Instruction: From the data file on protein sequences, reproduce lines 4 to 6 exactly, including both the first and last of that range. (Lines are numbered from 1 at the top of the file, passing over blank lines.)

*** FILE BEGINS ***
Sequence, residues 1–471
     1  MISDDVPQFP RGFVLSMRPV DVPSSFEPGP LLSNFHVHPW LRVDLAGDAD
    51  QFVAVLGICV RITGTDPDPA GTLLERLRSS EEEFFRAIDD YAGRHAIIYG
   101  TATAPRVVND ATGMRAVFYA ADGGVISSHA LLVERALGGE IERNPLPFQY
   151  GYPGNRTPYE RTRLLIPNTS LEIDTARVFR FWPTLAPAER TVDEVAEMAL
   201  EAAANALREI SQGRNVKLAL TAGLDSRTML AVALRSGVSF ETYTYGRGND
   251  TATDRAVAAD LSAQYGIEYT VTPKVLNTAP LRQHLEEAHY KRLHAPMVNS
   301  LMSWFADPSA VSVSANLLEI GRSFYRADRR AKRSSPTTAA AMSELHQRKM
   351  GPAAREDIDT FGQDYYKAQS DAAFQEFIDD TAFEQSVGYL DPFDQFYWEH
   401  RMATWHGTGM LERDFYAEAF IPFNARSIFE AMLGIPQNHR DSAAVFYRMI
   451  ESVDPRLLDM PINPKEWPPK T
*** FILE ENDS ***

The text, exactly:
   101  TATAPRVVND ATGMRAVFYA ADGGVISSHA LLVERALGGE IERNPLPFQY
   151  GYPGNRTPYE RTRLLIPNTS LEIDTARVFR FWPTLAPAER TVDEVAEMAL
   201  EAAANALREI SQGRNVKLAL TAGLDSRTML AVALRSGVSF ETYTYGRGND